Every single freelancer I know has been faced with a very difficult conversation with someone who has contracted them to do a service: the money conversation. Namely, then whens and hows and other processes around timely payment of artist fees. For those of us in the arts, it is the bane of our existence. It is stressful. It can even be traumatizing. Why? Because our business requires us to maintain relationships, and no one wants to do business with people in a strained relationship. It’s safe to say that any strain on a patron’s relationship potentially takes money out of an artist’s pocket. And the unfortunately reality for most of us is that the artist is the first one to be tossed out on their ass when it comes time to make budget cuts.

In this atmosphere, the average artist will put up with just about anything. One of the greatest challenges we put up with surrounds the timely payment of agreed upon artist fees. It needs to end.

I cannot tell you how many times, in the years I’ve been a freelance artist, that I’ve been told one or more of the following sentences:

1) “There is a process involved with payment. Unfortunately, this will result in a delay of your honorarium.”

2) “I’m sorry. We did not obtain the funding we thought we would. We have to reduce your pay.”

3) “That’s not what we agreed to. Here’s the pay we thought we worked out.”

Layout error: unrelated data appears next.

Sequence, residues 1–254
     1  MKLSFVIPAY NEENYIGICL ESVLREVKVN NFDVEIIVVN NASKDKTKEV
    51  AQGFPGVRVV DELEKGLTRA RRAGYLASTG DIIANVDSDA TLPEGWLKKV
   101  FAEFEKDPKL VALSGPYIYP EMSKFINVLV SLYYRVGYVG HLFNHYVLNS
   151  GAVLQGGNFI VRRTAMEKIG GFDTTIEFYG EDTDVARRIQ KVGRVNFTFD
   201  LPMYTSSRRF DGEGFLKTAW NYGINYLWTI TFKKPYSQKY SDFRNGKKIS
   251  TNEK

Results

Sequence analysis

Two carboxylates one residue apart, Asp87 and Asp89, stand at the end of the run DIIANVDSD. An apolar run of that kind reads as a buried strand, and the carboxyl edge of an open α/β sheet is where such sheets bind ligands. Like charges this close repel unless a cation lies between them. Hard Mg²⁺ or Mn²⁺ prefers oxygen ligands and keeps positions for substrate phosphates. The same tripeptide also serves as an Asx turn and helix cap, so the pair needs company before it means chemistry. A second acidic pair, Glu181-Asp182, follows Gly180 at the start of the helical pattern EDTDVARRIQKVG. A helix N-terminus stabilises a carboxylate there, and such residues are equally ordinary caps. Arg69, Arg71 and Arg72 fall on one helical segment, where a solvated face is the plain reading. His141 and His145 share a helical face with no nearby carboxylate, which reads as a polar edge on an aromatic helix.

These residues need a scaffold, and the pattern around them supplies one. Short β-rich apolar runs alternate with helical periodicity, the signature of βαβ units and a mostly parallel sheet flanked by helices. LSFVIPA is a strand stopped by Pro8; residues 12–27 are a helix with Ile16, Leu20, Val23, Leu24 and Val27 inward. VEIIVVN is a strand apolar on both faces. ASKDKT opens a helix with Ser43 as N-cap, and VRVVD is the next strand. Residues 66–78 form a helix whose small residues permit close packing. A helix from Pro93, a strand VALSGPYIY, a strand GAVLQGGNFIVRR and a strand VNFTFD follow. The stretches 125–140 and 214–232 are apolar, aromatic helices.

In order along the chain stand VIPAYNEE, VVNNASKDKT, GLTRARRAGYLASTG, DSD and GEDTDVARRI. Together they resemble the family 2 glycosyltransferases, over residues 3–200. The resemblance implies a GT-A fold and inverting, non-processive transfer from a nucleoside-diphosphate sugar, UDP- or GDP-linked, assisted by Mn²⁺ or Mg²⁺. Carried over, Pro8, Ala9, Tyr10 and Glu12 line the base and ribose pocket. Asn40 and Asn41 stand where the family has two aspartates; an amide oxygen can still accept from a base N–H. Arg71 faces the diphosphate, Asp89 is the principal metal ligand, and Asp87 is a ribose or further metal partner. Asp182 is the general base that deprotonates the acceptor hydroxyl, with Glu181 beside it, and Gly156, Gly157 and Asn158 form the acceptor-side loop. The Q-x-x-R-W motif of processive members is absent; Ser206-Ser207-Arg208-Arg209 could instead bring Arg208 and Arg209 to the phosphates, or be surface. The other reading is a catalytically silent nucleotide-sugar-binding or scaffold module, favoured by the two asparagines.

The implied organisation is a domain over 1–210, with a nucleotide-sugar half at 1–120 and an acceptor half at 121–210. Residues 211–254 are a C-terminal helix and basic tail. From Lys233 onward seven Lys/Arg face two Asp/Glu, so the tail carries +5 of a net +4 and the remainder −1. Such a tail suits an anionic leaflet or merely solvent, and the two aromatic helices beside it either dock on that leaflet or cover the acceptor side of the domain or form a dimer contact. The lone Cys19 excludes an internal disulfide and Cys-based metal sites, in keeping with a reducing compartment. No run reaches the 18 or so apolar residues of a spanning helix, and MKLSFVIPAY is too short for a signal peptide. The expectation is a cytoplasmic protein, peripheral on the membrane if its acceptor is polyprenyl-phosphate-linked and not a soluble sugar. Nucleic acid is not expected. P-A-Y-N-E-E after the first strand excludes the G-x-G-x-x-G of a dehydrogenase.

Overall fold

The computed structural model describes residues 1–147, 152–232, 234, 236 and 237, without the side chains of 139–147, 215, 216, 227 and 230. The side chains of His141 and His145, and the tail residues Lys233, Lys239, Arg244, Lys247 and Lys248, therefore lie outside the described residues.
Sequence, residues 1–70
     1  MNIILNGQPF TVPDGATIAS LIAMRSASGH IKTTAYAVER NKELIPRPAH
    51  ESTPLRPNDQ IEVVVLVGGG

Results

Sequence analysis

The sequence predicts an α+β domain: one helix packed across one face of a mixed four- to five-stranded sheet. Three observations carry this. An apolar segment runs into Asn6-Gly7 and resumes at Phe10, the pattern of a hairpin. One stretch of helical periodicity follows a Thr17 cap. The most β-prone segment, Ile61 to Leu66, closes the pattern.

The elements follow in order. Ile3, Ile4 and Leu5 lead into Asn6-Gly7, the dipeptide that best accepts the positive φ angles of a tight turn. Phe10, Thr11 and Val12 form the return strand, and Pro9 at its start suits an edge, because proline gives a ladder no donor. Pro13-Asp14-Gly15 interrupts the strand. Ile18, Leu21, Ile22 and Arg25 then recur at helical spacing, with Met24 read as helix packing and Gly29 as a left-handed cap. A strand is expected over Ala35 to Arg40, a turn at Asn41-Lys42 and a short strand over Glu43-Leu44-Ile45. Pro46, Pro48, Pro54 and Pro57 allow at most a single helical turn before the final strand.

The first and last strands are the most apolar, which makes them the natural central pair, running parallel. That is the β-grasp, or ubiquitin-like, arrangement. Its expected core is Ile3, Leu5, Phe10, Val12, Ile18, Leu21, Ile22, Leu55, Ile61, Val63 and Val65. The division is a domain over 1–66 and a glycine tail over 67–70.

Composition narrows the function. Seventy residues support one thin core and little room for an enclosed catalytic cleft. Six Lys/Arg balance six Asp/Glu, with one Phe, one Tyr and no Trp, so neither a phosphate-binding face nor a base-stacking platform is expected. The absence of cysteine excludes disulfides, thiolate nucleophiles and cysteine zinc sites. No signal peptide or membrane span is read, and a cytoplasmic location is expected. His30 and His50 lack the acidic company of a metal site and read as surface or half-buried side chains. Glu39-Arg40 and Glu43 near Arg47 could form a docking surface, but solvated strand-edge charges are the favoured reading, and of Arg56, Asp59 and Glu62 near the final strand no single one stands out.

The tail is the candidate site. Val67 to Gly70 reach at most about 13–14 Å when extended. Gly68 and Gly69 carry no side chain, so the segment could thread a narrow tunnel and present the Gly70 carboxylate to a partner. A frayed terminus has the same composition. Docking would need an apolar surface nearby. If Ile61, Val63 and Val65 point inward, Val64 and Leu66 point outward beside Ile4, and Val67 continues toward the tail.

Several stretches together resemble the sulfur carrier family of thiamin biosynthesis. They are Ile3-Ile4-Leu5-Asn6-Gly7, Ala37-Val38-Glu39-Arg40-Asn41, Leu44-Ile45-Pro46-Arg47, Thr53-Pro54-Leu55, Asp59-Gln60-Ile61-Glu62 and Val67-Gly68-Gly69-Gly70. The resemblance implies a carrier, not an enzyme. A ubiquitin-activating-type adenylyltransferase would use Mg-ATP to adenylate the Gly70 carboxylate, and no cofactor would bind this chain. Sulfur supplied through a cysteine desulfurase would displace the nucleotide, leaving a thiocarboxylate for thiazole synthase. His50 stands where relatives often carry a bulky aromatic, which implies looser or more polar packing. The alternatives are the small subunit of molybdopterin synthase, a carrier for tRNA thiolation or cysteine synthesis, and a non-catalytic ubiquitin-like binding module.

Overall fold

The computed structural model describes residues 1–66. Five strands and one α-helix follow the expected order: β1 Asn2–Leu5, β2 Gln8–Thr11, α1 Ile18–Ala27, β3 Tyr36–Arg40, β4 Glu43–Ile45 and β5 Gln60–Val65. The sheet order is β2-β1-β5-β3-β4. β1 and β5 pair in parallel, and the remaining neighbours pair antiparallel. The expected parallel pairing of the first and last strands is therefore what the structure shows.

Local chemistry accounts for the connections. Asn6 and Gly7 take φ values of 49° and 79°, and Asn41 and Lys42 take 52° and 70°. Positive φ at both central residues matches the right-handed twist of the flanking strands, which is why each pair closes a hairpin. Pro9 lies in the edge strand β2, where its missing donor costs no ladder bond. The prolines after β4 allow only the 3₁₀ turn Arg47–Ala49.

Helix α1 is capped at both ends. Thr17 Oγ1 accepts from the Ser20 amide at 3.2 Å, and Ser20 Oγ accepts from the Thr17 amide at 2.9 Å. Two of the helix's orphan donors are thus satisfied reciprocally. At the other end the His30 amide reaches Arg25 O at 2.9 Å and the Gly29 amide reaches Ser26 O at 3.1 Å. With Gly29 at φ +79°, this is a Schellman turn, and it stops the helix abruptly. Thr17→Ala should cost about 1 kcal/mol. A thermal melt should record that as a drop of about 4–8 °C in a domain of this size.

4) “I’m sorry, we have to cancel.” (This happens, most times, the week of the event, sometimes the very day.)

5) “I don’t know when you’ll get paid. That’s another department.”

6) “You are making me uncomfortable with your questions about payment.”

Organizers. Please. I cannot stress this enough: it is fundamentally disrespectful to the person you have contracted to not pay them in a timely manner, or shepherd them off to another department, or act as if they are a problem to confront when the conversation turns to money. Money keeps the bills paid. Money keeps the rent paid. Money allows artists to keep creating more art. You know this, because you don’t do your job for free, either.

When we are contracted to come to your school, your event, your place of business, your slam event, your whatever, you are not hiring someone to show up and distract people for a certain amount of time. Speakers work for a living. Artists work for a living. Teachers work for a living. This requires us to write, to create, to prepare a speech or a lesson plan, to arrange for time on our calendars, to arrange for travel, to plan on audio/video setup and other artist materials, and to plan for a myriad of other concerns that come with showing up to your event; and NOT for the purpose of distracting people, but to keep them engaged, or to convince them of something, or to teach them something.